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KSR Publishing, Inc.
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         Clinical intelligence for supply chain leadership

 

INSIDE THE CURRENT ISSUE

October 2014

Standard Practices

 


 


 

Questions can be e-mailed to: editor@hpnonline.com

Called in to Valerie Dimond at:
(941) 927-9345 ext.202

Mailed to:
HPN Standard Practices
2477 Stickney Point Road,
Suite 315B
Sarasota, FL 34231

Are we being short-sighted?

Comparing the costs and benefits of UDI

by Karen Conway, Executive Director, Industry Relations, GHX

We’ve been talking about the benefits, as well as the costs, of the Food and Drug Administration’s (FDA’s) Unique Device Identification (UDI) Rule for years. Even now, as the rule is being implemented, the discussion, and debate, continues. In my opinion, we have spent far more time focused on the costs, which could delay our ability to realize the myriad of benefits that we can achieve from being able to more accurately identify medical device. I am not diminishing the significant expense in time and money that manufacturers are already incurring to establish systems to comply with the regulation in an ongoing and sustainable manner. Nor do I think it will be easy for healthcare providers to make the systems and process changes needed to use the unique identifiers. But I believe UDI adoption by healthcare delivery organizations is critical to achieving the "Triple Aim," the framework developed by the Institute for Healthcare Improvement that calls for simultaneously:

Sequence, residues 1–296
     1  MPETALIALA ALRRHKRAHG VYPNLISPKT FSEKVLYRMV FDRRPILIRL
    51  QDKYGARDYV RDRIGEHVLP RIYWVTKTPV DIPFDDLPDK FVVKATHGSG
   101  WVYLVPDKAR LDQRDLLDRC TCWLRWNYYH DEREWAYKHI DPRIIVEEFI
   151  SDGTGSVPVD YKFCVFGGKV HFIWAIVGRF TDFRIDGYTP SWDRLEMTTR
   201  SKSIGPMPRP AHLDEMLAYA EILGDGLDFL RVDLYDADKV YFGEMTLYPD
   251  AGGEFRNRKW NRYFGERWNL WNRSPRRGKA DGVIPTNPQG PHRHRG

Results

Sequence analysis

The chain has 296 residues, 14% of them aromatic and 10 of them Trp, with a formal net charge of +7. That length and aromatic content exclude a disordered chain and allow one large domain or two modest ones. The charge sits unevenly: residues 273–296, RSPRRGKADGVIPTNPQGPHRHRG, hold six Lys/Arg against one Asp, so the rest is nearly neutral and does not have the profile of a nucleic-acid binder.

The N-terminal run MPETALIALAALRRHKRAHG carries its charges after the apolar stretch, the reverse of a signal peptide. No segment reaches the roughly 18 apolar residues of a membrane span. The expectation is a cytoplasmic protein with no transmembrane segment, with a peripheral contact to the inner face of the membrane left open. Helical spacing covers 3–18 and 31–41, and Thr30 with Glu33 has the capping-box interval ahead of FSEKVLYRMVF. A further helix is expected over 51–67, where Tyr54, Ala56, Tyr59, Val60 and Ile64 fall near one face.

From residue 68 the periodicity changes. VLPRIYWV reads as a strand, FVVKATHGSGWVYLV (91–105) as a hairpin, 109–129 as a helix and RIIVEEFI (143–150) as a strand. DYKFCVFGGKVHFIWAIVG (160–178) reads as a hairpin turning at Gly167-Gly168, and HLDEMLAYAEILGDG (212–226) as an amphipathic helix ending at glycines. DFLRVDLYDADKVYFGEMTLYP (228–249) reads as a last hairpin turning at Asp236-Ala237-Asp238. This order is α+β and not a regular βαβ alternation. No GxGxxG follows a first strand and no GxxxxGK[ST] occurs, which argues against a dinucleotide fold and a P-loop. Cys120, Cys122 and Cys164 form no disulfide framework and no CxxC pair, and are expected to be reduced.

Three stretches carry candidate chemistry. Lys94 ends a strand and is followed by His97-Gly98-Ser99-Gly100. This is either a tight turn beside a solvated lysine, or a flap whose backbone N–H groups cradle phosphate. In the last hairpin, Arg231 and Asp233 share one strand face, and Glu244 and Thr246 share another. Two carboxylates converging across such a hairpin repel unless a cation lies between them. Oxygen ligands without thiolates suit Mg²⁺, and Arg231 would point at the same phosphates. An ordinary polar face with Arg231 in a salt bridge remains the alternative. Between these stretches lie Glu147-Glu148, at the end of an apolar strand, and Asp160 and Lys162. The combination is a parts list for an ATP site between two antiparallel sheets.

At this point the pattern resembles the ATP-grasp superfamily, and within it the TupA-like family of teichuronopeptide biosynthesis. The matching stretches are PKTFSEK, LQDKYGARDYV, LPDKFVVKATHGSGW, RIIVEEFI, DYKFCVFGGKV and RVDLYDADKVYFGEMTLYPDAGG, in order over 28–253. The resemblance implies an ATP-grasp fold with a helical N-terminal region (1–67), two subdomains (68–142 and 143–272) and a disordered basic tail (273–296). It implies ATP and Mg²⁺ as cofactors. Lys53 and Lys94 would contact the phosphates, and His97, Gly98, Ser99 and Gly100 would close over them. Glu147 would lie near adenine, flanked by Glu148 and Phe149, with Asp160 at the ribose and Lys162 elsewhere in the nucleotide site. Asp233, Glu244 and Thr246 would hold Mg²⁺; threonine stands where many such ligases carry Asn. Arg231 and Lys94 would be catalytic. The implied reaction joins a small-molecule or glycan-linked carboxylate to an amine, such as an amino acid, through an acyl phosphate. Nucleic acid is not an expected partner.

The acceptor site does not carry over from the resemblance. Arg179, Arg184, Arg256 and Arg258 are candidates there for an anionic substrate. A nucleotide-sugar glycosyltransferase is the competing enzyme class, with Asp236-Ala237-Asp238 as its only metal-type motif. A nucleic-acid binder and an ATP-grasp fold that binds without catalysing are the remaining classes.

• improving the patient experience of care (including quality and satisfaction);

  • improving the health of populations; and

  • reducing the per capita cost of health care.

I think the word "simultaneously" is key. It’s not about waiting for manufacturers to fully comply with the regulation before healthcare providers start thinking about how they will adopt the identifiers. These things take time, and in healthcare we don’t have a lot of time to change a system that impacts both personal and financial health. We need to work concurrently to make it happen.

As the Association for Healthcare Resource & Materials Management (AHRMM) Cost-Quality-Outcomes (CQO) Movement has identified through case studies and leading practices, sometimes spending more on products can lead to lower overall costs by reducing infection rates and/or readmissions and in turn improving reimbursements. But not always. The question is: How would you know if you cannot accurately identify what product, purchased at what price, was used on which patient, and what were the resulting total costs, quality and financial (reimbursement) outcomes?

That’s where UDI can play a fundamental role, but only if it is incorporated across systems and processes, including supply chain, billing, reimbursement, adverse event reporting and comparative effectiveness research, among others.

In a new video released by The Pew Charitable Trusts, Mercy says it has discovered benefits far beyond what were originally expected — for supply chain, clinicians, payors and patients. The Missouri-, Arkansas-, Oklahoma-, and Kansas-based system launched a pilot in 2012 to study the use of UDI for cardiac stents. The effort included incorporating the Global Trade Item Number (GTIN), one of the standard identifiers deemed UDI compliant by the FDA, in its supply chain (ERP) system, inventory management system, billing system, and electronic record system (which feeds the national product registries like the American College of Cardiology’s CathPCI registry. While not always easy — some technology systems do not seamlessly share data, and it required some process changes for nursing and other staff — the results were compelling.